KATHMANDU Nepal's former Maoist rebels have suspended a general strike that had choked daily life in the impoverished Himalayan nation for the past week, but are maintaining pressure on the prime minister to resign.
The Maoists were under enormous public pressure to call off the strike that hit ordinary Nepalis badly and halted the supply of essential goods, including fuel and medicines, for six days without breaking the deadlock with the government.
Experts say the Maoists, who control 40 percent of seats in the 601-seat parliament, had been trying to apply pressure tactics to return to power a year after quitting in a row with the president.
Transport, businesses and schools had come to a standstill as the Maoists demanded Prime Minister Madhav Kumar Nepal quit to clear the way for a unity government headed by the Maoists. The government has so far said it will not yield.
"We have suspended the general strike because of the difficulties faced by the people," Maoist chief Prachanda told reporters late on Friday after a party meeting.
Prime Minister Nepal said the Maoists' move would help both sides pursue "dialogue, consensus and cooperation" to find a solution to the stalemate and help a fragile peace process that ended 10 years of civil war.
"Without the consensus and unity among political parties it is not possible to complete the peace process and prepare a new constitution," Nepal said in a statement
"For this, there is no alternative to coming to a consensus by setting aside unnecessary obstinacy."
A special constituent assembly has until May 28 to draft a constitution, the nascent republic's first, but analysts said the deadline was unlikely to be met.
Separately, a statement by the heads of European missions and the United States said the move by the Maoists would prove "a decisive step" toward a solution to political deadlock.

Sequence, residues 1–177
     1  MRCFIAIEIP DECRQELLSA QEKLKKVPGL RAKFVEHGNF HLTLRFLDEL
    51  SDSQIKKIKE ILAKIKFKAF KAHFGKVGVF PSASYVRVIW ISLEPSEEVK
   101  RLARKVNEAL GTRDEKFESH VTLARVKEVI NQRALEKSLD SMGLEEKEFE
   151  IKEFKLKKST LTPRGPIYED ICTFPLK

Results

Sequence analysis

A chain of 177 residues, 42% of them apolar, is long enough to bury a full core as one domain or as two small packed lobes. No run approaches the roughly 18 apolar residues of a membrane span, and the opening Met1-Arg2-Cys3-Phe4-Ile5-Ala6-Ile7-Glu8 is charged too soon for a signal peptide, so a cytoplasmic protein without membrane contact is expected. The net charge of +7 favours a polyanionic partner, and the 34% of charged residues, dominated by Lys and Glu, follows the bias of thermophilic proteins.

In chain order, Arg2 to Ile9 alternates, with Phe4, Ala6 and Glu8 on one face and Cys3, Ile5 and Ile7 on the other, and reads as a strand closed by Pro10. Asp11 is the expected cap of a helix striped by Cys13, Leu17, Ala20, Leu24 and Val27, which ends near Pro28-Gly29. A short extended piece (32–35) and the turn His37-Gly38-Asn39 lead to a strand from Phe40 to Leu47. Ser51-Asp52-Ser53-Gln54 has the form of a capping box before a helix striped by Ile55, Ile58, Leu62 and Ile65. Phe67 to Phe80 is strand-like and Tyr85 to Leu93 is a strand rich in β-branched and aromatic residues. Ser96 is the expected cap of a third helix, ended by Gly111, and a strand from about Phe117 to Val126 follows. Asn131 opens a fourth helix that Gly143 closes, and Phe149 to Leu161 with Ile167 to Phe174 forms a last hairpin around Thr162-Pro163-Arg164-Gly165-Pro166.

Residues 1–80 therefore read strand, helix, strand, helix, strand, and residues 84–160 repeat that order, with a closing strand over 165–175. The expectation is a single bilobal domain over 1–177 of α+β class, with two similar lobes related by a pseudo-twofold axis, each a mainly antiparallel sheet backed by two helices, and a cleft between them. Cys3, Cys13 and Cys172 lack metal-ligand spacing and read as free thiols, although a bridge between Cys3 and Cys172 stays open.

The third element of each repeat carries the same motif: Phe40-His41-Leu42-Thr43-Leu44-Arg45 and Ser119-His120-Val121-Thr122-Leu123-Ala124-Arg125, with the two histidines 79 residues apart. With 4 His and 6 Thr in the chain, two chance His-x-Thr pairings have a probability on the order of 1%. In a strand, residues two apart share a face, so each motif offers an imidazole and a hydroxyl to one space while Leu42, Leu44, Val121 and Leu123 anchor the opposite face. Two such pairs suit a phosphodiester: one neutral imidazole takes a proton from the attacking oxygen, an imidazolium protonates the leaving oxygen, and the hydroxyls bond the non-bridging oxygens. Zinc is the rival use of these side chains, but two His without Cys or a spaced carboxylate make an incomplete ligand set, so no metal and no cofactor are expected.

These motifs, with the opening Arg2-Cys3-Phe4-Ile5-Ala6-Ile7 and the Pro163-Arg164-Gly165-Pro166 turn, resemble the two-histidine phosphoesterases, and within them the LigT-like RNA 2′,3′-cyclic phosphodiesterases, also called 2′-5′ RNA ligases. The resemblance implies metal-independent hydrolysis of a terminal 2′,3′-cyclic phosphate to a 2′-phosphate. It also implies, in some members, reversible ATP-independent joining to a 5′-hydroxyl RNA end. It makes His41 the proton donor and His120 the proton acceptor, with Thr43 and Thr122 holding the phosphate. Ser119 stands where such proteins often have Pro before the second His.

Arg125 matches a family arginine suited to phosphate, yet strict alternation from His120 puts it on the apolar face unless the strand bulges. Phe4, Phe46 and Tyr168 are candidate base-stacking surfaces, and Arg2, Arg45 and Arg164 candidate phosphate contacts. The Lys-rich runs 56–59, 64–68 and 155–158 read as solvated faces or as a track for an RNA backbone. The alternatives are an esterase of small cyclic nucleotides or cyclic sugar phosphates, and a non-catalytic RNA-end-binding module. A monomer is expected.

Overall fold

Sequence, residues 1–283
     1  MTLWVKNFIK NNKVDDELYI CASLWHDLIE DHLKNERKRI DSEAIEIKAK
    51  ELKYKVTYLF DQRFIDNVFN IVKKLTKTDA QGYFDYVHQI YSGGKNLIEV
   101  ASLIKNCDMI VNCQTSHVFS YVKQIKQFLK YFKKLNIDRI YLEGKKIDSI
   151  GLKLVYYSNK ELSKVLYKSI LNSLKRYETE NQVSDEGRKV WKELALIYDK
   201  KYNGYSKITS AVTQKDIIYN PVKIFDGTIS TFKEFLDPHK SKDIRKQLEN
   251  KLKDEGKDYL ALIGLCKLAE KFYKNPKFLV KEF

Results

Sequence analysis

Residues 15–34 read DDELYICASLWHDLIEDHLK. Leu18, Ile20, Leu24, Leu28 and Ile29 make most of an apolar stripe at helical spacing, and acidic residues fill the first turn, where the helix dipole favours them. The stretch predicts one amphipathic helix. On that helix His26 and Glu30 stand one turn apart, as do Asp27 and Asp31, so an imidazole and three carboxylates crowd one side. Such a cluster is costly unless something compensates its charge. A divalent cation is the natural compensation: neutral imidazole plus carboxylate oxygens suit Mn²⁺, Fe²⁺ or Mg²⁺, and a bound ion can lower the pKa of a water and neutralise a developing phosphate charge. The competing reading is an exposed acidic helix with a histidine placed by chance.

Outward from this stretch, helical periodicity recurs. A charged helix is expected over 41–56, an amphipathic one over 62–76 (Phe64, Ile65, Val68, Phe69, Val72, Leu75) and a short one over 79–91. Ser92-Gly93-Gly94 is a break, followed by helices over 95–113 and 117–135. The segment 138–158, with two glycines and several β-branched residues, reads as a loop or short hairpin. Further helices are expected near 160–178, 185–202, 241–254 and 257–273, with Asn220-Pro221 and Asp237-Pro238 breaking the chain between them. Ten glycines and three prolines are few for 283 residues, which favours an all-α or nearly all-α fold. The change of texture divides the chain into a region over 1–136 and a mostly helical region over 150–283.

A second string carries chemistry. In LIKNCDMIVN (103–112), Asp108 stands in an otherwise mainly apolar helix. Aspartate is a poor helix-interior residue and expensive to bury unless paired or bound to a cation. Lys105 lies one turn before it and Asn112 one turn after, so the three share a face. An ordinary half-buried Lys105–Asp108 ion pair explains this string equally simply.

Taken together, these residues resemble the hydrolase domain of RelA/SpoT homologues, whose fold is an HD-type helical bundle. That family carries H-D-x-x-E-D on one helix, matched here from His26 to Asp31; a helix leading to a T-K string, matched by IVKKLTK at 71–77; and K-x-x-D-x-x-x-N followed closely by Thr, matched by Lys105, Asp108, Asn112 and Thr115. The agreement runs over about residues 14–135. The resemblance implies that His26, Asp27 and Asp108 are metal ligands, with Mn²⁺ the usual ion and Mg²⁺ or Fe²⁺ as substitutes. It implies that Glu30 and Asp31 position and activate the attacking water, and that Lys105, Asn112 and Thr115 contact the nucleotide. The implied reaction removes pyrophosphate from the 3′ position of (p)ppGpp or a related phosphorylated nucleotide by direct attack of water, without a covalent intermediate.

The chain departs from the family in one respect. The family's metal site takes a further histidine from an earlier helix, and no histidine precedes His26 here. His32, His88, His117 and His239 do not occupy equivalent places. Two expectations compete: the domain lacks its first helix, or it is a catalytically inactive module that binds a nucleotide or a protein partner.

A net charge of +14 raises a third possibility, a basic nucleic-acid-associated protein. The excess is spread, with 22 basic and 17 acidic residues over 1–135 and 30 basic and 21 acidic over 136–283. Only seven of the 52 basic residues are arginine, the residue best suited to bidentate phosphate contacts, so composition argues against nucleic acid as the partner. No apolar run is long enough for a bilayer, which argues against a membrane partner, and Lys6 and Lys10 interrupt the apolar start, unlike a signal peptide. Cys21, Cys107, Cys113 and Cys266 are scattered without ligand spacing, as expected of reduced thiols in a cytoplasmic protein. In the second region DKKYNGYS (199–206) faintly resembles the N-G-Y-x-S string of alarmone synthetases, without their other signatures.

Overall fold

"They strongly urge all political parties to make renewed efforts to negotiate in good faith and make the necessary concessions to bring about a successful conclusion to the present crisis to the mutual benefit of all," it said.
But in a sign of possible further trouble, the Maoists said they would continue to block roads to the Singha Durbar office complex that houses the prime minister's office and other ministries to force the government out.
On Friday, about 25,000 people marched in the capital, Kathmandu, pressing the Maoists to end the strike and find a solution to the stalemate with other parties through dialogue.
The Maoists headed a government two years ago but quit last year after the president refused to sack the country's army chief. They have since been protesting against the government.
The standoff has delayed the integration and rehabilitation of more than 19,000 former Maoist fighters, a key part of the 2006 peace deal that ended a decade-long civil war.
In a sign that the political standoff was likely to continue, the United Nations is planning to extend its peace mission in Nepal for another four months.
(Editing by Matthias Williams and Sugita Katyal)